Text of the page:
In June 2011, it was announced that Kelli Giddish and Danny Pino would join the cast as new series regulars.[4] Weeks later, it was announced that Stephanie March and Diane Neal would be reprising their roles as ADA Alexandra Cabot and ADA Casey Novak, respectively.[45] The launch of season 13 was marked with a retooling of the show that Warren Leight referred to as "SVU 2.0".[46] Changes that accompanied this included Tamara Tunie's being bumped from the main cast to a guest starring role and recurring actor Joel de la Fuente's not appearing for the first time since 2002. Of the latter change, Warren Leight said, "those scenes [which featured Fuente] can be dry" and hired Gilbert Gottfried as a more comedic replacement.[47] In addition to these changes, Linus Roache became a recurring cast member in his role of Michael Cutter, whom he played on Law & Order; on SVU former Executive ADA Cutter serves as the Bureau Chief for ADAs attached to the Special Victims Unit.

In season 14, Raúl Esparza joined the cast in a recurring capacity as ADA Rafael Barba and prior to the season 15 premiere, Esparza was promoted to a series regular. Also in season 15, Belzer departed the cast in the fifth episode, "Wonderland Story", in which Sgt. Munch retired from the NYPD and took a job in the DA's office as an investigator. Later in the season, Captain Cragen announced his departure from the NYPD, which made newly promoted Sgt. Benson the temporary squad commander. In leaving the cast, Florek ended a 400-episode run as Captain Cragen. In season 16, Peter Scanavino joined the series, first in a recurring role for episodes 1-3 and then was promoted to the main cast in episode 5, with Kelli Giddish, Danny Pino, Ice-T and Raul Esparza no longer appearing in every episode. On May 20, 2015, it was revealed that Danny Pino would be leaving the cast after the season 16 finale "Surrendering Noah".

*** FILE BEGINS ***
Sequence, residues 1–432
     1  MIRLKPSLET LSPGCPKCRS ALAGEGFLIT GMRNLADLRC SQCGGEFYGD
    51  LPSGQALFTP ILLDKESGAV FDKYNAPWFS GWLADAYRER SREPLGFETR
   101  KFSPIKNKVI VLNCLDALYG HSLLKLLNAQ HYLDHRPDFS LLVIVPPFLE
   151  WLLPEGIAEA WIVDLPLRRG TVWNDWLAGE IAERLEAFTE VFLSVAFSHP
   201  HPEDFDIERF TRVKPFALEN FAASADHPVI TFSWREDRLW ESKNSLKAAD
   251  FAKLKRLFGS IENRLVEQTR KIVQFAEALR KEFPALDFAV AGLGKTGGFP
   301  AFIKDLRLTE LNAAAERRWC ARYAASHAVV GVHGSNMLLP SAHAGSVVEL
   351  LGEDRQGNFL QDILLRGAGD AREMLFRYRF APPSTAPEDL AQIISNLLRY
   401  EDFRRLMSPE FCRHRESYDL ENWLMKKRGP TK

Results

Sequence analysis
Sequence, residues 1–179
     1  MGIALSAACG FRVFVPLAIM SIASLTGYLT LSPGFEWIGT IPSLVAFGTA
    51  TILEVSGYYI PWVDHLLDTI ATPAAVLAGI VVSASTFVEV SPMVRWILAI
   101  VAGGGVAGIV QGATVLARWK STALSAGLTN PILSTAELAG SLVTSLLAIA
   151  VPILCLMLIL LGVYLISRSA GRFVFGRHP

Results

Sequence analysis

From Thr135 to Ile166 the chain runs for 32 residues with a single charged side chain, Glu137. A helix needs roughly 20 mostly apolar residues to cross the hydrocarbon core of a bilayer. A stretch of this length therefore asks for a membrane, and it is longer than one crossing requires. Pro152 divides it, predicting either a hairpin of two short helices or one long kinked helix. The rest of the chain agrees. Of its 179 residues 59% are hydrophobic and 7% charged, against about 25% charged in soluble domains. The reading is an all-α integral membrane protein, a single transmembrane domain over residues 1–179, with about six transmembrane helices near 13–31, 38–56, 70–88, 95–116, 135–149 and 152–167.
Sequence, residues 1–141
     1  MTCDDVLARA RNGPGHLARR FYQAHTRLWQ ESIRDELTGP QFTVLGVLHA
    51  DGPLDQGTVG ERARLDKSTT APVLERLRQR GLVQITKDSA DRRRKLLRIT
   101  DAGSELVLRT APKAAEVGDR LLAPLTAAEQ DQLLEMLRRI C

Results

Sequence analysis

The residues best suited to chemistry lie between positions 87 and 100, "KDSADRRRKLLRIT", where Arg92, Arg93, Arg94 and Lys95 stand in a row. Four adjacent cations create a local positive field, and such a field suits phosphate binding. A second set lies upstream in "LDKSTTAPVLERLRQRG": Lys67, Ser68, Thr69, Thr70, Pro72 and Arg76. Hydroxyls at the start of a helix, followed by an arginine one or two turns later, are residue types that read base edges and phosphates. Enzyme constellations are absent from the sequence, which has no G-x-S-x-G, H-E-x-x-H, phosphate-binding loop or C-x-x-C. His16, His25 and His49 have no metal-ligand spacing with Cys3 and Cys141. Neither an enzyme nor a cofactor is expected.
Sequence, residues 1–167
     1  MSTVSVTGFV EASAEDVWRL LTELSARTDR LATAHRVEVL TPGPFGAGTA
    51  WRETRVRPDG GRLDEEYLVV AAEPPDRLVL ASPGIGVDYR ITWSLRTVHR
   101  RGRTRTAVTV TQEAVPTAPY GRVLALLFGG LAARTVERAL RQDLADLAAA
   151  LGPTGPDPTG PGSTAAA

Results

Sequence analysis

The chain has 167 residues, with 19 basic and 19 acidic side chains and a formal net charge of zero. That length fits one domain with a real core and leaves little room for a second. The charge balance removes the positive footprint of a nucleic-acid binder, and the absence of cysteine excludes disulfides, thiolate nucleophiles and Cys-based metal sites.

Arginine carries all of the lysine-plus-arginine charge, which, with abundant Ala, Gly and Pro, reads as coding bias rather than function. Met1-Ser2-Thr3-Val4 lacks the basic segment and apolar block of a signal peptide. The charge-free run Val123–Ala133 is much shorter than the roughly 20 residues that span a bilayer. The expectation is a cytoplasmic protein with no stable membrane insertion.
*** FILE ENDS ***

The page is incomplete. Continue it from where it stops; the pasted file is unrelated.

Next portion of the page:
By season twelve, both Mariska Hargitay and Christopher Meloni had become among the highest-paid lead actors on a drama, with each earning nearly $400,000 per episode, a salary that TV Guide said was exceeded only by House's Hugh Laurie.[48] During season sixteen, Hargitay was reported to be earning $450,000 per episode, or $13,000,000 per season,[49] In season seventeen, her salary increased to $500,000 per episode.[50]

Cast and characters

Actor Character Rank/Position Seasons Notes
Regular Recurring Guest
Christopher Meloni Elliot Stabler Detective 1-12 [O 1]
Mariska Hargitay Olivia Benson Lieutenant 1- [N 1][O 2]
Richard Belzer John Munch DA Investigator 1-15 15, 17 [N 2]